Reflecting Pool 2 and Cascading Reflections 3

Horizontal drilling for geothermal energy can produce enough electricity to power 20 million homes for a few thousand years at only 10 cents a kilowatt per hour, that is less than Texas, paid for electricity in 2019.

Yellowstone National Park is sitting on a caldera that if harnessed, could power much of America for generations. Ignoring it means a guaranteed eruption and the destruction of a great portion of the US and Canada.

The energy in the Yellowstone caldera is carbon free but the reason why it has never been extracted is because of the Geothermal Steam Act of 1970. The law was designed to encourage the use of geothermal energy production, but it categorically excluded national parks from development. The technology available at the time would have destroyed parks’ ecosystems. Now geothermal methods have drastically improved over the last 50 years. Horizontal drilling can be used to reach energy sources miles from where the well is bored into the earth, almost completely elimination the ground-level impact directly above geothermal resources.


 Dark Waters

In 2017 scientists at NASA’s Jet Propulsion Laboratory evaluated the caldera’s energy flows as well as the potential damage and probability of a super-volcanic eruption, which has happened at Yellowstone three times previously. The last eruption was 631,000 years ago; the one before that was 669,000 years prior. It’s not a matter of if it will erupt but when. The JPL found that the devastation of an eruption would exceed that of an asteroid 1 ½ miles wide crashing to Earth.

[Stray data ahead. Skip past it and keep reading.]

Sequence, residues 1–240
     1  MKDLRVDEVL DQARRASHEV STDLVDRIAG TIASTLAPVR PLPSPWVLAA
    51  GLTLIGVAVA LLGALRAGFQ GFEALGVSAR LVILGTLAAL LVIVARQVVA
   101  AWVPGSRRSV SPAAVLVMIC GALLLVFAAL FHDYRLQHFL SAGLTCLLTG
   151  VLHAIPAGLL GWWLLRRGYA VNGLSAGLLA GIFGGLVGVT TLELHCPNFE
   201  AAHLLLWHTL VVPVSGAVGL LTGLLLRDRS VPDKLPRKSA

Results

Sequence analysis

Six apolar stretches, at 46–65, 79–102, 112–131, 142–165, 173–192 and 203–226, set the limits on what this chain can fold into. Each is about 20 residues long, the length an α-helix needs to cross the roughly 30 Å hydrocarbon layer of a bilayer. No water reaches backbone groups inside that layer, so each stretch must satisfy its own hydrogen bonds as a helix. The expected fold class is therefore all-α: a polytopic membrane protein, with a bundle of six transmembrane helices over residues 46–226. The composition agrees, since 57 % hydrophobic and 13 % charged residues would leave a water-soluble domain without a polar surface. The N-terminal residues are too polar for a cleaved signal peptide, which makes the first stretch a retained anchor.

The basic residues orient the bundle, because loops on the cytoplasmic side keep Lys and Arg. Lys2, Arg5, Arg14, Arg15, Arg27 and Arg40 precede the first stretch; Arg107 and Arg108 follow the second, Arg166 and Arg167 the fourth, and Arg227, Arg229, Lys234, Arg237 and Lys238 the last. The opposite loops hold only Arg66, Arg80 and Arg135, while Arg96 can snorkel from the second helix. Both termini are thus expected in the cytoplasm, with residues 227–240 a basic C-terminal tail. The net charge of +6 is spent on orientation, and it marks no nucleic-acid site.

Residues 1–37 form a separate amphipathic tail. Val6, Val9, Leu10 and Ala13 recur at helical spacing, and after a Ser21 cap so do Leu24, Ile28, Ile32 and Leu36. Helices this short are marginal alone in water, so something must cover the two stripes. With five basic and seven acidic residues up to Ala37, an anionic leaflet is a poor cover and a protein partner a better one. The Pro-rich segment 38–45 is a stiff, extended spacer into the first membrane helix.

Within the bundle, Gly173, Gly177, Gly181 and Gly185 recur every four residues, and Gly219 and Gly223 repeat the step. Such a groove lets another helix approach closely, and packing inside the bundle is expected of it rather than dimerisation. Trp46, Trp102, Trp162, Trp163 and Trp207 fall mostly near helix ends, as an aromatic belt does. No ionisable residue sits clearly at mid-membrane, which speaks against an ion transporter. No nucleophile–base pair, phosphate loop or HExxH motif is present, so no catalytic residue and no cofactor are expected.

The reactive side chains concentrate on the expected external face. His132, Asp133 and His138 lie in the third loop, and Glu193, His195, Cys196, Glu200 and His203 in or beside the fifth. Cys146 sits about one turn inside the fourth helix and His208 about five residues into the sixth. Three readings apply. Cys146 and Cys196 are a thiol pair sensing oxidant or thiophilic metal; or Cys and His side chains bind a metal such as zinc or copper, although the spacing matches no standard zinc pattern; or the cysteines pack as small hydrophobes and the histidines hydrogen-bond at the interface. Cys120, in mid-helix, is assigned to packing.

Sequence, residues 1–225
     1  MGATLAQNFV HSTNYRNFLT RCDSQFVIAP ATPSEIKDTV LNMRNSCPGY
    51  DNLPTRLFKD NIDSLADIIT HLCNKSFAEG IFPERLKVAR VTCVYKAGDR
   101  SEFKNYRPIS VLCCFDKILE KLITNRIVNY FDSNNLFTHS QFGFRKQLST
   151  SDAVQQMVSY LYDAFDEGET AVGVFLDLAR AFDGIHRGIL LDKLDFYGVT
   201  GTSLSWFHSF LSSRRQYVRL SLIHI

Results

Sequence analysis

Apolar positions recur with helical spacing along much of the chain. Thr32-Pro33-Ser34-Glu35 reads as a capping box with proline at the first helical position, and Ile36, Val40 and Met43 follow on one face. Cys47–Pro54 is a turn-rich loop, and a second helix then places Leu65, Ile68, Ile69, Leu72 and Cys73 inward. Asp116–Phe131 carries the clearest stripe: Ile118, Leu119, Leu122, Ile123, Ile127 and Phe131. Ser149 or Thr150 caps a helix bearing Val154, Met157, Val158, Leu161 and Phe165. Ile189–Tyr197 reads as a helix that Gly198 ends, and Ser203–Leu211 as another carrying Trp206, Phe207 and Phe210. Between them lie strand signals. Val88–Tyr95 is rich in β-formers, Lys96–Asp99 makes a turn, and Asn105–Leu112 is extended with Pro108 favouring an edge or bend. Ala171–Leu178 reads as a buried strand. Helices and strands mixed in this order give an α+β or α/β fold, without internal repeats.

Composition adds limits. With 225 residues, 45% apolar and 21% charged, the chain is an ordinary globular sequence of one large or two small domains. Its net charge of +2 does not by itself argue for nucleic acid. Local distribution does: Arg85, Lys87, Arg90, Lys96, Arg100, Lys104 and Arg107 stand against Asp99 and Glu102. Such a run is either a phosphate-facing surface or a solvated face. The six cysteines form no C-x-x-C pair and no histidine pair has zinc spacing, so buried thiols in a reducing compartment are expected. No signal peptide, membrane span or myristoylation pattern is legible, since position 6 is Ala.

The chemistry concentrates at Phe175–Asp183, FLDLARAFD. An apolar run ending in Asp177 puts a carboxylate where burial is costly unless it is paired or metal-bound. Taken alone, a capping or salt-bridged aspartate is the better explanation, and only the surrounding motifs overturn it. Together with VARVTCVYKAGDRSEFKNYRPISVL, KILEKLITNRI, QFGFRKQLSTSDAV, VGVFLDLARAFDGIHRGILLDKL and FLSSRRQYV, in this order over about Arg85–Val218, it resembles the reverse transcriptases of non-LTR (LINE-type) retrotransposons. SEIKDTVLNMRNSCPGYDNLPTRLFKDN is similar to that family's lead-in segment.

In 2014 the U.S Geological Survey modeled the likely ash distribution from a Yellowstone super-eruption. They found that the ash radius would reach New York, with as much as 3 ½ inches of ash falling as far east as Lincoln Nebraska. Cropland across the U.S and Canada would be destroyed, and the release of sulfate aerosols into the air would create a global” Volcanic Winter” lasting generations. Fortunately the JPL s solution is horizontal drilling for geothermal energy extraction-that would siphon off excess energy, producing enough electricity to power America for generations.

A volcanic winter would create global mass starvation and the effect on America of Yellowstone’s caldera erupting would be far worse. For the sake of everyone, Congress should amend the Geothermal Steam Act to allow the responsible extraction of energy from national parks. It may be the best way to ensure Yellowstone survives.

Geothermal energy exists in different forms all over the Earth (by steam vents, lava, geysers, or simply dry heat), and there are different possibilities for extracting and using this heat.

In New Zealand, natural geysers and steam vents heat swimming pools, homes, greenhouses, and prawn farms. New Zealanders also use dry geothermal heat to dry timber and feedstock.

Other countries, such as Iceland, have taken advantage of molten rock and magma resources from volcanic activity to provide heat for homes and buildings. In Iceland, almost 90% of the country’s people use geothermal heating resources. Iceland also relies on its natural geysers to melt snow, warm fisheries, and heat greenhouses.

The United States generates the most amount of geothermal energy of any other country. Every year, the U.S. generates at least 15 billion kilowatt-hours, or the equivalent of burning about 25 million barrels of oil. Industrial geothermal technologies have been concentrated in the western U.S. In 2012, Nevada had 59 geothermal projects either operational or in development, followed by California with 31 projects, and Oregon with 16 projects.

The cost of geothermal energy technology has gone down in the last decade, and is becoming more economically possible for individuals and companies.

The source for most of the information in this blog is from an FT article by Jacob R. Borden formerly a principal engineer for BP’s alternative energy unit.